Moving from being a Manager to being a leader requires a shift in perspective. Leaders see themselves as empowering others rather than directing or controlling people and tasks. To empower requires the leader to demonstrate their credibility, their interest in developing their people and their trust. Why? People will not follow if these elements are not in place and if they do follow, productivity improves with dramatic performance results. See also my article published in HR Director on the changing relationship between employer and employees. Showing support and highlighting success and learning on a daily basis creates stronger relationships that motivate everyone in the team. So, try the following daily questions:-
- What’s gone/going well today? (then congratulate them)
- What are you learning? (then reflect your thoughts)
- Is there anything I can help you with? or What do you need from me?
Focusing on the positive rather than the obstacles and challenges motivates your employees far more than checking what isn’t working and focusing on fixing. This doesn’t advocate ignoring what requires attention, more, keeping it in balance. After all, we all perform better at those things we believe we do well.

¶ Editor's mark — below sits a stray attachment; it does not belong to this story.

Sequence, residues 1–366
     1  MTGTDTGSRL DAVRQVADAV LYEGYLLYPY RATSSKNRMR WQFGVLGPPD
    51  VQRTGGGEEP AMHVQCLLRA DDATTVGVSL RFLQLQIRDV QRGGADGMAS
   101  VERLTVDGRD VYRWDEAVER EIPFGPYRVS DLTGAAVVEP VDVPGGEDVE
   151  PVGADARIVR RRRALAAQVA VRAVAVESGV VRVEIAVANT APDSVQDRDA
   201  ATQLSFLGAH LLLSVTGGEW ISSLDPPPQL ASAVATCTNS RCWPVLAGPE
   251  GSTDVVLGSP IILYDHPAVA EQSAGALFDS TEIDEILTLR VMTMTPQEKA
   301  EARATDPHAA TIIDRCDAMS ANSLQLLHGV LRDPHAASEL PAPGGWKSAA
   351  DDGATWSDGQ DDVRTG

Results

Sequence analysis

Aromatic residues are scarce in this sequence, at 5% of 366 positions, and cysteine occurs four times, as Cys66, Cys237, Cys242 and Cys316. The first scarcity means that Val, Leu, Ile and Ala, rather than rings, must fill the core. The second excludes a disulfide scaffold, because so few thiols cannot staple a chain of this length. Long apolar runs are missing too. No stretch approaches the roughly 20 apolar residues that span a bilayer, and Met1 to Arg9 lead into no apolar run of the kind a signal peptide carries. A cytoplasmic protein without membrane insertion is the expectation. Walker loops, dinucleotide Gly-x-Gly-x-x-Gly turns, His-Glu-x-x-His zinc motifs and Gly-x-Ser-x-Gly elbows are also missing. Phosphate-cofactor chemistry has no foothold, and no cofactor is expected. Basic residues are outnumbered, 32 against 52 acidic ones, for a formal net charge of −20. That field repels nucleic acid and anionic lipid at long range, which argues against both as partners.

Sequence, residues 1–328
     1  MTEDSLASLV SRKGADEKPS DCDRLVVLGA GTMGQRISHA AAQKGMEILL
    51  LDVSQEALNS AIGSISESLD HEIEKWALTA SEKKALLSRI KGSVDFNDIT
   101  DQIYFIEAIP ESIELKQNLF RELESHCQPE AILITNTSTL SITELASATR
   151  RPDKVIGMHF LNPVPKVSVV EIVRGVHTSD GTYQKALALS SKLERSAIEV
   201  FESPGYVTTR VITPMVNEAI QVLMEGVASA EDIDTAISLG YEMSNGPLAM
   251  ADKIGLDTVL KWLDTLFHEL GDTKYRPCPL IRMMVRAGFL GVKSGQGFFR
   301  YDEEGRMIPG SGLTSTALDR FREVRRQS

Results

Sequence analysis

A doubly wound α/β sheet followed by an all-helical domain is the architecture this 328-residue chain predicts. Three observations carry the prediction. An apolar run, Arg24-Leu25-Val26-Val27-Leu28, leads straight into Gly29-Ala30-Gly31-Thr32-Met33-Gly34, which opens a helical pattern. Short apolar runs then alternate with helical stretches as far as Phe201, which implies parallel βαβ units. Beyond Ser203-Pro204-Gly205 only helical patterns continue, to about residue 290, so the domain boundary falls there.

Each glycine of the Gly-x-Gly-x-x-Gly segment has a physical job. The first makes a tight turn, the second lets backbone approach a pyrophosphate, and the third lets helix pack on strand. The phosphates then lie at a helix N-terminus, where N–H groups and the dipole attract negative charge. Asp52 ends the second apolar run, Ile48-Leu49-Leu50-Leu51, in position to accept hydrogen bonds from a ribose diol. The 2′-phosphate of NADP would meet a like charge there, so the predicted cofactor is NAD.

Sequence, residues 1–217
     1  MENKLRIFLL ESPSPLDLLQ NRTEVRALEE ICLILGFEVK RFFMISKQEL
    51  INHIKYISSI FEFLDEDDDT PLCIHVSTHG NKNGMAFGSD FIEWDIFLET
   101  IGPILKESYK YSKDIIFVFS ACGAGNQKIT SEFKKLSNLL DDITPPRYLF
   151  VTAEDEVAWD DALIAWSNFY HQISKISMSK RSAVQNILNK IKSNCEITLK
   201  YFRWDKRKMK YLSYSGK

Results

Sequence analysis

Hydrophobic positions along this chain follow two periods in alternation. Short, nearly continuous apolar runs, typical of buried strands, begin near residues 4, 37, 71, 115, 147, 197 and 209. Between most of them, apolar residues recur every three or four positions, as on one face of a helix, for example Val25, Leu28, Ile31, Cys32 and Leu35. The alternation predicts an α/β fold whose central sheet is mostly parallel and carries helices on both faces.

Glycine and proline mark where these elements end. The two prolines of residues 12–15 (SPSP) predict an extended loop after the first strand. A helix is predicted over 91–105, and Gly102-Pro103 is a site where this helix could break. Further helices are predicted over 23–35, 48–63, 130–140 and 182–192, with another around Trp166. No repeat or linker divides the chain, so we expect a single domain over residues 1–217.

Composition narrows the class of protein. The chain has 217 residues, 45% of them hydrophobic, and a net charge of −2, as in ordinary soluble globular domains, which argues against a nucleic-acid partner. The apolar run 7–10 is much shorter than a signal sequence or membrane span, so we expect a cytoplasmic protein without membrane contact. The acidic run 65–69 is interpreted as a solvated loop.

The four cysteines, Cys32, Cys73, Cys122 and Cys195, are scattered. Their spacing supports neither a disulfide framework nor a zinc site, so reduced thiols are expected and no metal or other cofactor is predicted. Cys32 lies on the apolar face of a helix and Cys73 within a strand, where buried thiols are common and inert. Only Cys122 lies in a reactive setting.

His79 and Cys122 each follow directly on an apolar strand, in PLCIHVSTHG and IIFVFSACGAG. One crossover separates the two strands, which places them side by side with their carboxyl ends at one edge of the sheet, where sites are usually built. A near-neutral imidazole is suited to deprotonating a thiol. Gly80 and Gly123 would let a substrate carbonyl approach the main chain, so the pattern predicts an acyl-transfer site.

Further tips on managing a team can be found here
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I went to a spinning class this morning. All part of my training programme to cycle in Kenya for Women V. Cancer. It reminded me of the time I joined a spinning class in The Hague. I wondered why I was the only women in a group of 8 very tall Dutch men. After 5 minutes of punishing “hills” and sprints , my legs were telling me exactly why. The Dutch are not renowned for their emotional exuberance. Yet, during one session when I was mentally “pushing through the pain”, I was startled to hear a crescendo of deep male voices singing two or three words to the Dutch song belting out in the Gym. They all stood up on their bikes, in unison, every 5 seconds or so to bellow something akin to “hoi, hoi, hoi”. Not a song I recognised and that, rather than struggling to gain breath, remains my excuse for not joining in.